As online streaming market hots up, Google removes Kodi link

Google search for Kodi

The coronavirus lockdown looks certain to be a boom time for online streaming services.

With people around the world confined to their home, the chance to get up-to-date with the latest must-watch box set on Netflix, combine your essential shopping with some essential viewing on Amazon Prime, or explore what the new Disney+ service has to offer seems too good to turn down.

The mainstream services are all well-geared up for the extra traffic. Even the BBC iPlayer has stepped up to the plate, adding a load of much-loved series for socially-distanced viewers to enjoy.

But one online media player that might not be seeing as much traffic as it would have expected is Kodi.

Google takes down Kodi links

Kodi is an open-source media player that has proved hugely popular with streamers around the globe.

It doesn’t actually host any content itself. But as an open-source tool, it does allow other developers to create add-ons that attach to it and do allow users to watch different types of content.

There are a whole host of official Kodi addons that are approved by the people behind the player itself and which offer a wide range of completely legitimate content. But there are even more unofficial addons that do not have the official seal of approval and which offer even more content, some of which breaks copyright laws.

Kodi itself has always distanced itself from these unofficial addons but that hasn’t stopped the player suffering as a result of various copyright law cases against unofficial addons over the years.

That appears to be what has happened over the past few days as Google has removed a number of links to the Kodi download page from their search results.

If you search for Kodi on Google in a number of countries around the world you will see a message stating that “In response to a complaint that we received under the US Digital Millennium Copyright Act, we have removed 6 result(s) from this page. If you wish, you may read the DMCA complaint that caused the removal(s) at LumenDatabase.org.”

Why Digiturk has gone after Kodi

According to the Daily Express, the takedown notice was sent on behalf of the Turkish subscription TV service Digiturk. Digiturk is owned by the beIN Media Group which has a long track record of aggressive actions against any site or addon that pirates its content.

According to Digiturk, “The infringed content is sports content (illegal video stream) branded and watermarked with the trademark/logo BEIN SPORTS HD”.

The notice mentions hundreds of different URLs related to several IPTV services. But it is the inclusion of the Kodi download page that has caused the most controversy. Kodi is not even the only legitimate media player to be targeted. Two URLs related to the popular VLC media player are also included on the list.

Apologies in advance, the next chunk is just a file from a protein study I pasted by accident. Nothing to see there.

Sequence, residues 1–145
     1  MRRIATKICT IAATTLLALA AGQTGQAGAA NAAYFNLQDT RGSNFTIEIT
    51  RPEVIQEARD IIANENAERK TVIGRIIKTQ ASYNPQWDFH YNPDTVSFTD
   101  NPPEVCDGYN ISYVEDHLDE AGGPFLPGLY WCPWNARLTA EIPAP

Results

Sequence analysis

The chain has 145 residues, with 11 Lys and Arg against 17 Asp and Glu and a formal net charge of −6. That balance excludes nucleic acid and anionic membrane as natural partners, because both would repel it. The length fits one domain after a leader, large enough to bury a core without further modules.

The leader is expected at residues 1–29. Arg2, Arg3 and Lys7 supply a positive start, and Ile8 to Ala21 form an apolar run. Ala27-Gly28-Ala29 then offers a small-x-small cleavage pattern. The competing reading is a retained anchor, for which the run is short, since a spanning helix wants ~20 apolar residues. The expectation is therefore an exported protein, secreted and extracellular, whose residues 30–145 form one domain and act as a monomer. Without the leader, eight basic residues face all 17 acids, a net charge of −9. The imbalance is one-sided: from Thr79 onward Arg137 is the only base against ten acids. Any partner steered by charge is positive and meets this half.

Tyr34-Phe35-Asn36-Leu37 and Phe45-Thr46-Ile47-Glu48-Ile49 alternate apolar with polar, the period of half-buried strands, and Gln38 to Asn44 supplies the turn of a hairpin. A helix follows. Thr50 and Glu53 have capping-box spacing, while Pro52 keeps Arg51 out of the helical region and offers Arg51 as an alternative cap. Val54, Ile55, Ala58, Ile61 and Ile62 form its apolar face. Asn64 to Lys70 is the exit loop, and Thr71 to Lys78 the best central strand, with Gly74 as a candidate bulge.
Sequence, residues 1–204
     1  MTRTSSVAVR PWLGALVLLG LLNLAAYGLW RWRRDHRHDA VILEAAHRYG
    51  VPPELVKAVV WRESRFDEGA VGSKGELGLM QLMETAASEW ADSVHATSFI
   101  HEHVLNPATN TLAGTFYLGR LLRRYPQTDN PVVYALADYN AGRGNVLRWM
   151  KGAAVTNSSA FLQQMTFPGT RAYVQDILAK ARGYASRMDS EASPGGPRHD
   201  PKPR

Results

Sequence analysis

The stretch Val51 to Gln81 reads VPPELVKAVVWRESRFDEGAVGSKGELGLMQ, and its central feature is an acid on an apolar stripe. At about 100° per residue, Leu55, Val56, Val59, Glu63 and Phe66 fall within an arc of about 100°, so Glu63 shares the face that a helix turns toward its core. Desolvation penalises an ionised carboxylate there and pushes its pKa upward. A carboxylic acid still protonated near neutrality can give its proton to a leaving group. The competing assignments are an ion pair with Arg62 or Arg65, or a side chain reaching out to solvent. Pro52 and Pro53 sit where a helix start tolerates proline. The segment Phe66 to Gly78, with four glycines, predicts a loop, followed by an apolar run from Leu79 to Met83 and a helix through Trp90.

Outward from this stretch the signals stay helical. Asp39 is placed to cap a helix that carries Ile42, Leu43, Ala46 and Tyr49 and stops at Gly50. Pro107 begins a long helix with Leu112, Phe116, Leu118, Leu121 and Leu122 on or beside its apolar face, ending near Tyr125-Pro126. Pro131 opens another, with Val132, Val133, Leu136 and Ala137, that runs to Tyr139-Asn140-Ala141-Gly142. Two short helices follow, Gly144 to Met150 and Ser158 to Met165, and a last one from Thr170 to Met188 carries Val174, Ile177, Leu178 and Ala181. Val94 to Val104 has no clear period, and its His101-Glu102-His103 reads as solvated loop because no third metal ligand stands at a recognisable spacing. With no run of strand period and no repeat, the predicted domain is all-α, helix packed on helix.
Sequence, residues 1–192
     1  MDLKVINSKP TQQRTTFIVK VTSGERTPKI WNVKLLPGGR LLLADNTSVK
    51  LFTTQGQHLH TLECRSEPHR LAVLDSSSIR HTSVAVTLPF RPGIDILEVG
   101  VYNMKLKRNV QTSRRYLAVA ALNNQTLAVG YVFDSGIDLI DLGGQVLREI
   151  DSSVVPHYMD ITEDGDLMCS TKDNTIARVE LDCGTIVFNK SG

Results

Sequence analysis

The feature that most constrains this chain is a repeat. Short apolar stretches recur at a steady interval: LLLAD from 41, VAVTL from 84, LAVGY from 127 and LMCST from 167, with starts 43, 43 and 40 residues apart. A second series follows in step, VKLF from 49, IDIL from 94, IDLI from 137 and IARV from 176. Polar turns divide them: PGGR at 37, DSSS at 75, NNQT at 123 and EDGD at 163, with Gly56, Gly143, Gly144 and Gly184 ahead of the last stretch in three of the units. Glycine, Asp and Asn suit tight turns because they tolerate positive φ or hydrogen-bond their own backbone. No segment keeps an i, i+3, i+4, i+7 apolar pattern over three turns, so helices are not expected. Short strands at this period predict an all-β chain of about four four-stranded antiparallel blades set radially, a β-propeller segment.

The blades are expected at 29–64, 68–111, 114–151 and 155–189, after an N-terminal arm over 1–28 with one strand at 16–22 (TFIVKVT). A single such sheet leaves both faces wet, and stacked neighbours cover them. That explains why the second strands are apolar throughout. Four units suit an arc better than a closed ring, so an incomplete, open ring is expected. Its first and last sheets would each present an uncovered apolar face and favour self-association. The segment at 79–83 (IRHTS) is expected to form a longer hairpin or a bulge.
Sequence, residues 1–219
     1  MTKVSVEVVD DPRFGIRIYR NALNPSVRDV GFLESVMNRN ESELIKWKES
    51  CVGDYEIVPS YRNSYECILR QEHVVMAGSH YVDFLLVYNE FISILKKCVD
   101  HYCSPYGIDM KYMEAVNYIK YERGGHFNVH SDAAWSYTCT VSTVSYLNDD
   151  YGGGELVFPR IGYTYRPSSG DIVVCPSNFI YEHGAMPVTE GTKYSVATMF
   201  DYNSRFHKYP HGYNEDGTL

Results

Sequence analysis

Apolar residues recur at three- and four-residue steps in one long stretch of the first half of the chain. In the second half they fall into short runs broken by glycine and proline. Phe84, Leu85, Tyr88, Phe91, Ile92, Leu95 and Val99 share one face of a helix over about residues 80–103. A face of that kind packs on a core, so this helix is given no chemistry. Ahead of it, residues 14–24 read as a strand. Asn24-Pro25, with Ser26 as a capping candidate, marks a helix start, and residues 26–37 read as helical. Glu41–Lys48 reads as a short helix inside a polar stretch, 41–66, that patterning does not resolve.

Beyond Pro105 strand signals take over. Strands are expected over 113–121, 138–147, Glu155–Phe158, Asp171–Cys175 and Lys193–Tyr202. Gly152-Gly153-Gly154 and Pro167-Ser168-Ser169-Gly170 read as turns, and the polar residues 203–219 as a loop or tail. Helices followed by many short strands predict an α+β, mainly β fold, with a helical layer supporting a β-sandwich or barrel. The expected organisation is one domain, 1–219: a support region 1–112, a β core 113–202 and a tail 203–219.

It is not clear if the inclusion of Kodi and VLC was deliberate or unintentional. Digiturk has managed to submit takedown notices for its own website on more than one occasion in the past, so a mistake is certainly possible.

Usually, Google wouldn’t act on legitimate software like this and Google is usually pretty good at catching notices that list URLs wrongly or unnecessarily. But they have dropped the ball on this one and you do have to wonder if the increased use of automated screening and review software in the wake of the coronavirus crisis might be a factor?

Kodi fights back

Understandably, the Kodi Foundation which is behind the Kodi media player was far from happy with their download URL being removed from Google.

As with other streaming services, they will have been hoping that the global coronavirus lockdown will lead to a sharp increase in the number of downloads of their software.

As Keith Herrington of the Kodi Foundation told Torrent Freak, “It’s unfortunate content companies continue to lump us and VLC together with services who are clearly in violation of copyright law by not only providing streams to their content but using their logo, etc.… It feels like a very ‘guilty until proven innocent’ model which I do not agree with.”

The good news for Kodi is that their DMCA counter-notice, which was submitted as soon as they found out about the move appears to have been successful. The Kodi Foundation has said that Google has confirmed it will be restoring their download URL to search results as soon as possible.

With the number of Kodi downloads likely to skyrocket in the coming days and weeks, that is good news for them. It also gives us a timely opportunity to remind readers about the importance of using a VPN whenever you stream content on Kodi or, for that matter, any other platform.

As a piece of open-source software, Kodi is susceptible to hackers and other potential security or privacy threats. For users, there is also the risk of streaming content illegally and facing possible legal consequences as a result.

A VPN is now seen as an essential tool for all Kodi users and we would strongly recommend anyone planning to stream any content on Kodi to download a VPN first and be sure you are always connected before you begin to watch.

David Spencer

Author: David Spencer

David is VPNCompare's News Editor. Anything going on in the privacy world and he's got his eye on it. He's also interested in unblocking sports allowing him to watch his favourite football team wherever he is in the world.

Away from writing, he enjoys reading and politics. He is currently learning Mandarin too... slowly.

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